BY BILL MANNING
PHOTO BY ED MORAN
Time is short. Fully preparing a crew to race requires more time than is frequently available. Consequently, we try to prepare crews and athletes adequately by using the available time as efficiently as possible. Incorporating dual-purpose practices into the training schedule makes this more possible.
A dual-purpose practice enables coaches to address two or more aspects of needed preparation simultaneously—for example, teaching skills during lower-intensity training. The utilization training prepares the athletes physiologically, while the instruction improves their stroke. (One could argue that to row/scull without attention to skill is simply to build bad habits, and that the dual focus of this training is absolutely necessary.)
Equally valuable is pairing race-rehearsal activities with higher-intensity training. Shorter pieces at race rates increase anaerobic capacity, but rather than just repeating 500-meter pieces at one rate, incorporate race plans and/or race scenarios. Doing so gives athletes the opportunity to execute—and improve—what they must do on race day repeatedly.
Racing starts are too often taught separately and divorced from training. Create a dual-purpose practice by including the starting sequence in training pieces. Whatever the intensity of the piece, simply begin at the catch with the stroke sequence used to get the boat up to speed. The pressure may be less than full, and thus the start slower, but doing this enables the crew to practice the initial building strokes more frequently, and thus make them more routine.
The same is true with rate lifts (“sprinting”). Lifting at the end of a longer piece teaches tired athletes how to increase boat speed by shifting up the rate. Rather than doing all aerobic threshold (AT) pieces consistently at one rate, try going up two with 90 seconds to go and up two more for the last 10. When racing, we lift the stroke rate only when tired, so best to practice lifting when tired.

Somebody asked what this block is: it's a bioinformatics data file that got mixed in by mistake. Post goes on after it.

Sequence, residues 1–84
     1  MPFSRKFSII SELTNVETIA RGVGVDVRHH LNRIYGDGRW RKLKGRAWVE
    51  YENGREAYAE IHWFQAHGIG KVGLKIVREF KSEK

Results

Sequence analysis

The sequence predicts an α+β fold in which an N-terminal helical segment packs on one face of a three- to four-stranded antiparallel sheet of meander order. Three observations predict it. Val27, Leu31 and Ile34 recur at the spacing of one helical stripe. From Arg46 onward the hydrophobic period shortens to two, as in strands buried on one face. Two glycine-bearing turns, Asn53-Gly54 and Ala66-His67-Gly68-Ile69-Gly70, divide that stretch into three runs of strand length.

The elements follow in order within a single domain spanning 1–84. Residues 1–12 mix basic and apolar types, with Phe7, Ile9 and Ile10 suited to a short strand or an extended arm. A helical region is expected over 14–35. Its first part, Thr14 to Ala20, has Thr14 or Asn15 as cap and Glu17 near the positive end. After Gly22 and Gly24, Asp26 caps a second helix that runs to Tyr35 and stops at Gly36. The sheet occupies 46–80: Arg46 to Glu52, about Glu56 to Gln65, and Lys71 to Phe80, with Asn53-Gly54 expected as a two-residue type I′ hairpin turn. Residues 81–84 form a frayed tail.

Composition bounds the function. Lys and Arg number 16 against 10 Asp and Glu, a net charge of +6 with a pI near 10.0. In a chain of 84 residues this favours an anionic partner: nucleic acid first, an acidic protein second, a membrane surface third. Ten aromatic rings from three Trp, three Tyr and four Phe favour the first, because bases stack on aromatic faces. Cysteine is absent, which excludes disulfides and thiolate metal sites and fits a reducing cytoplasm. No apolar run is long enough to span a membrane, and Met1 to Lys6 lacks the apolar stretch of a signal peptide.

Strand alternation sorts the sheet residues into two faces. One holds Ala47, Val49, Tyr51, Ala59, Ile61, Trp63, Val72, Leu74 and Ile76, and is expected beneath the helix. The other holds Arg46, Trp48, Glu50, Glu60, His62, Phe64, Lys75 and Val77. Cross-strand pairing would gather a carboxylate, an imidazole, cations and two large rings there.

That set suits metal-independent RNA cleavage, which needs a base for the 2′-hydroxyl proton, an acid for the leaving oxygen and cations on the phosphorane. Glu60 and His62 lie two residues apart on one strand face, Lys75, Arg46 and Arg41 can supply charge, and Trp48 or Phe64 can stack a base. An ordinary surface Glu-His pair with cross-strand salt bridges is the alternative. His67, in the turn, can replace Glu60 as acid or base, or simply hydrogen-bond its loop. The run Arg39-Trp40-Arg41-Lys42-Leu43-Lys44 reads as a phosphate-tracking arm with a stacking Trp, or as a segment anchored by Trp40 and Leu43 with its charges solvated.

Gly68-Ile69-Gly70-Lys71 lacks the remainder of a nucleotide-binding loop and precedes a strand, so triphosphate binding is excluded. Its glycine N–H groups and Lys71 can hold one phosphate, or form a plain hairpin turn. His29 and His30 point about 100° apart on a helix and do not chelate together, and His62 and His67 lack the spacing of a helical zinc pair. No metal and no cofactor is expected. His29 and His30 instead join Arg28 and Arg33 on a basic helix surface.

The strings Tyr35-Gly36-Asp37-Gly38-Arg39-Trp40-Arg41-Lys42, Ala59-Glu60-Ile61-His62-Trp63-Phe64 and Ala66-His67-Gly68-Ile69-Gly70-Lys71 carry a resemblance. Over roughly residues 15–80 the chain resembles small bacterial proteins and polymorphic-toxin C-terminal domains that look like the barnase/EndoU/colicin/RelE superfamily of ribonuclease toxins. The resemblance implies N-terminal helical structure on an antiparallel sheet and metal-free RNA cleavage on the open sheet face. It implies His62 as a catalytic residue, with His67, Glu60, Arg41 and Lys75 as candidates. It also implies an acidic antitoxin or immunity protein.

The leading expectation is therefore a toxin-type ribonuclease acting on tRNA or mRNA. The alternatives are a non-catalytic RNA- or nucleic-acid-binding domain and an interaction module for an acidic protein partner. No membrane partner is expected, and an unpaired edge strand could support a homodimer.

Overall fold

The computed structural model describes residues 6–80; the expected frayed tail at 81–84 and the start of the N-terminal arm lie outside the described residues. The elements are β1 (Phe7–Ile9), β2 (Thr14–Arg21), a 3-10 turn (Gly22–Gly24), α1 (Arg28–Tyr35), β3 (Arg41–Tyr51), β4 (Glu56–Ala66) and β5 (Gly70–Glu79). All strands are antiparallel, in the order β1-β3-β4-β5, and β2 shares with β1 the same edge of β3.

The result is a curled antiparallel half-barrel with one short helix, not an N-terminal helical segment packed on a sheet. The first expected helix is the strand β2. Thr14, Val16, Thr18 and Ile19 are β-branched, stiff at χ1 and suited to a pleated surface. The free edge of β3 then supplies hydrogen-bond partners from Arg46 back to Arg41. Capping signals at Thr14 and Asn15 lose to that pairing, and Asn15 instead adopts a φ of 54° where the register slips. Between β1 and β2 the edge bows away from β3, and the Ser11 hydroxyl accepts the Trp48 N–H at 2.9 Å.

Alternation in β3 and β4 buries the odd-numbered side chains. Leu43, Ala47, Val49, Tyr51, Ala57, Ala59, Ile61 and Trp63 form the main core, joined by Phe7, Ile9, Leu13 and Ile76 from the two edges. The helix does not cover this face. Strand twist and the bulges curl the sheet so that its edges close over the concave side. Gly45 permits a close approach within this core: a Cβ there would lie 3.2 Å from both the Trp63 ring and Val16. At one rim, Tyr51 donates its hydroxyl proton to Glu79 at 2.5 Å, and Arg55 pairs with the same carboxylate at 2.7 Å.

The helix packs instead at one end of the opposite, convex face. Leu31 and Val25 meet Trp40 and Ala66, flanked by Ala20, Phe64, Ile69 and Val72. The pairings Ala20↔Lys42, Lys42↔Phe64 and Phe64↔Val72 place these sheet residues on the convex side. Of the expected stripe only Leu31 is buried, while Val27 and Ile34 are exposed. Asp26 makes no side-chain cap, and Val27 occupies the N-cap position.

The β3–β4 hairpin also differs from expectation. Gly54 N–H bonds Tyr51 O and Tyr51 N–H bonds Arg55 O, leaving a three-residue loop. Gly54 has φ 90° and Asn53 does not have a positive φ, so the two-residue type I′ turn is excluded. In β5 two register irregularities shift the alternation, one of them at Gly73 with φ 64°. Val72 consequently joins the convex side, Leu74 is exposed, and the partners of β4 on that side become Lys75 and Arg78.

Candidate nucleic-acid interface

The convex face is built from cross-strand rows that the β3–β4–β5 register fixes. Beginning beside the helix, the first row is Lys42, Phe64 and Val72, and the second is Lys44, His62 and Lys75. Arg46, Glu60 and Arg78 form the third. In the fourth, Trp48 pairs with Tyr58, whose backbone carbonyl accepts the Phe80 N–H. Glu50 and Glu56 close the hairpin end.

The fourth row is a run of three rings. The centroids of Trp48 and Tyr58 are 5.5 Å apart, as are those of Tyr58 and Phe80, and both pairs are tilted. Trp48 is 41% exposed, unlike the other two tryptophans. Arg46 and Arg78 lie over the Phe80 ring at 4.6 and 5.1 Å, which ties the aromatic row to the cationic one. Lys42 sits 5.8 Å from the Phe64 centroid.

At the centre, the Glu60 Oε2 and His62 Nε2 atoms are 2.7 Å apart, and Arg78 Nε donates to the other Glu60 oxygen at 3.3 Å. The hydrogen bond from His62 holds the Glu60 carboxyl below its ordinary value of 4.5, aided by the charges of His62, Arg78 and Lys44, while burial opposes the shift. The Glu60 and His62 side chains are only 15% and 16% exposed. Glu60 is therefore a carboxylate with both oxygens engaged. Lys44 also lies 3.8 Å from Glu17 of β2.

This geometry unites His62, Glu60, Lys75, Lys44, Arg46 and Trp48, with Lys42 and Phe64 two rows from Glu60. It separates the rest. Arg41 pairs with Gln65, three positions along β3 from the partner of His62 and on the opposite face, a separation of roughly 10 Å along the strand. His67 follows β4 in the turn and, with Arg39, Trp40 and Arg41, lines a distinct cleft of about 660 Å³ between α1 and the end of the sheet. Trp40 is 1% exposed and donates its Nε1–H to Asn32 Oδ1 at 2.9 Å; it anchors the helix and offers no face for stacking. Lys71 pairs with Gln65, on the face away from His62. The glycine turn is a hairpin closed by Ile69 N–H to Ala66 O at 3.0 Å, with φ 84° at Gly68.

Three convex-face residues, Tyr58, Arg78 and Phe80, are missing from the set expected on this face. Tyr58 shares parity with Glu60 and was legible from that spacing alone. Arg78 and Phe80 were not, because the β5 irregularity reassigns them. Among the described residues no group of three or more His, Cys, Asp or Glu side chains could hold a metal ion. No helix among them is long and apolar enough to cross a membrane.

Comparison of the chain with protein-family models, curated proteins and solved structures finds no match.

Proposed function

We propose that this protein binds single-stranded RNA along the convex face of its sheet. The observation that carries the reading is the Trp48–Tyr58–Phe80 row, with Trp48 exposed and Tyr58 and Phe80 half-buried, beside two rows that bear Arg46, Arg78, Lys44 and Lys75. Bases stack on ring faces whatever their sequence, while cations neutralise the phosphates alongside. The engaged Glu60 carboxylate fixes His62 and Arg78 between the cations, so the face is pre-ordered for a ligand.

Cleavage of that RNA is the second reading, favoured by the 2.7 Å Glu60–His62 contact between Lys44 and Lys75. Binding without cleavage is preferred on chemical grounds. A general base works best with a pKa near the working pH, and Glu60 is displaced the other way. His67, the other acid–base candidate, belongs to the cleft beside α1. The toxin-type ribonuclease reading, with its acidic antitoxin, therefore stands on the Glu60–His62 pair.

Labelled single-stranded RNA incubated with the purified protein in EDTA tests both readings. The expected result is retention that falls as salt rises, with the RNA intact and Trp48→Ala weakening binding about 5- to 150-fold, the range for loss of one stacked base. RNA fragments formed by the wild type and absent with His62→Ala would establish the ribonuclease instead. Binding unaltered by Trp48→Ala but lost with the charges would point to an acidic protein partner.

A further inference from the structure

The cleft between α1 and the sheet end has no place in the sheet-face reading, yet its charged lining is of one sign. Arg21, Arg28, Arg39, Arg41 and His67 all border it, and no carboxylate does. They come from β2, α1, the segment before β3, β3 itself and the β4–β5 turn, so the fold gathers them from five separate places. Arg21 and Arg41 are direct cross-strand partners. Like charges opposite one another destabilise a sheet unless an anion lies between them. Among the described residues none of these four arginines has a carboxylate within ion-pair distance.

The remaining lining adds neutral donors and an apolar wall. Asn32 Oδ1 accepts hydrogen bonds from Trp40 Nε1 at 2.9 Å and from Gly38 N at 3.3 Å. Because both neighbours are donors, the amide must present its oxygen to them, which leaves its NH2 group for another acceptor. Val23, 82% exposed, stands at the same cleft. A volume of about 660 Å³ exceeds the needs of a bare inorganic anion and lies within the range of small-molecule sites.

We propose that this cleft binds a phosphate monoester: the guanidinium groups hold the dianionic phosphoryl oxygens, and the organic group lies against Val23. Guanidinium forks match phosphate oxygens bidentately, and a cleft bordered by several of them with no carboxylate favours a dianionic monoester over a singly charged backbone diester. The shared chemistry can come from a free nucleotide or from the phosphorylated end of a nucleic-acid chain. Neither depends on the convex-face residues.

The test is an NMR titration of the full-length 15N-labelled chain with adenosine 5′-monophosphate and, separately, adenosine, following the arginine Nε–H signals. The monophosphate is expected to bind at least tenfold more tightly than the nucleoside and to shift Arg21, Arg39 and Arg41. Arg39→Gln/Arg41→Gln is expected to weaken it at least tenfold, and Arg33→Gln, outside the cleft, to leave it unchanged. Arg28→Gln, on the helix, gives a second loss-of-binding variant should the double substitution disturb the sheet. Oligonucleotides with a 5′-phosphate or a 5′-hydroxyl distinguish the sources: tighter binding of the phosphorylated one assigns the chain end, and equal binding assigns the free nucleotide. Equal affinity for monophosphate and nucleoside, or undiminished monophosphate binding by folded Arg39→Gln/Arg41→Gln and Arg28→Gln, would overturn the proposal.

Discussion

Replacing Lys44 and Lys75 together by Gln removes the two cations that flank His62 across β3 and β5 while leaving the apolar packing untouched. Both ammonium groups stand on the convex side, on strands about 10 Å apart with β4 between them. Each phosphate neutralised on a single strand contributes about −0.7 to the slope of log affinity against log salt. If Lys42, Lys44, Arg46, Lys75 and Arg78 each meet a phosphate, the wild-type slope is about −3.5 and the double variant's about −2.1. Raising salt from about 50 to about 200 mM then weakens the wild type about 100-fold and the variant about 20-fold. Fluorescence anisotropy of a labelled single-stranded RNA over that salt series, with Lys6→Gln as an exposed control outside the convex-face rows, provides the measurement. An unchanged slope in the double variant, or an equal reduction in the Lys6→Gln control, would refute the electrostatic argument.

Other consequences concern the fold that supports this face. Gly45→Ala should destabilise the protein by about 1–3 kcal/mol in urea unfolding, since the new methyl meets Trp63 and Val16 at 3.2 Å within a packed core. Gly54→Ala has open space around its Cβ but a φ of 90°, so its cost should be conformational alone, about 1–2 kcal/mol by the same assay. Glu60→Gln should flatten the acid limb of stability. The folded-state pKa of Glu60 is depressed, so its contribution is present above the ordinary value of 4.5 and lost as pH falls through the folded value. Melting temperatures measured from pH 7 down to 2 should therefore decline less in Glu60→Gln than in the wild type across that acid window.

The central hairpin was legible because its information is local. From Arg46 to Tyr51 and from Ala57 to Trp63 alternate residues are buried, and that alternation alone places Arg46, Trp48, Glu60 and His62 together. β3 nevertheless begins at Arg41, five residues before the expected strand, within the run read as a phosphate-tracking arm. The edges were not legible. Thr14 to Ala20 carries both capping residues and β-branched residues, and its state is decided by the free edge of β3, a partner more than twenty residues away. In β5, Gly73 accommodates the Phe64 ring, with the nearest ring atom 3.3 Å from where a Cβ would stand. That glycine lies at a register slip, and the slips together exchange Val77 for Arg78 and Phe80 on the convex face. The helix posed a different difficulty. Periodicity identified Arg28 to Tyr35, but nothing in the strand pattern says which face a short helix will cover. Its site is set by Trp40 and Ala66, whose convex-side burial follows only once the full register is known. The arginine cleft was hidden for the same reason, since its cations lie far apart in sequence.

Dual-purpose practices work also on land. When erging at an assigned rate, designate a stroke and have the others follow him or her. Require the team to replicate the pattern of the desired stroke rather than merely hold a rate. Linking dynamic ergs together helps significantly. Doing this trains both physiology and sequencing.
Routine competition in practice develops confident, capable athletes, whether on the water or the erg, while also building fitness. Set up some workouts so it’s not about holding a certain split but rather about going faster than a similarly capable peer. Handicap athletes so those of varied abilities can still compete with each other. If the athletes are rowing and racing to win, then give them the opportunity to rehearse trying to win.
If performing weight circuits for aerobic endurance, do them at race rate. Make the weight light enough so that athletes can complete the activity 30-plus times a minute and their bodies will develop the quickness needed on the water.
The most important element to add to the majority of practices is fun. Always look for ways to make the training more enjoyable. Purposeful fun makes faster boats.
Time is short, but we all have exactly the same amount of time before the championships. Incorporate dual-purpose practices into your training plan and you’ll accomplish more in the time available.
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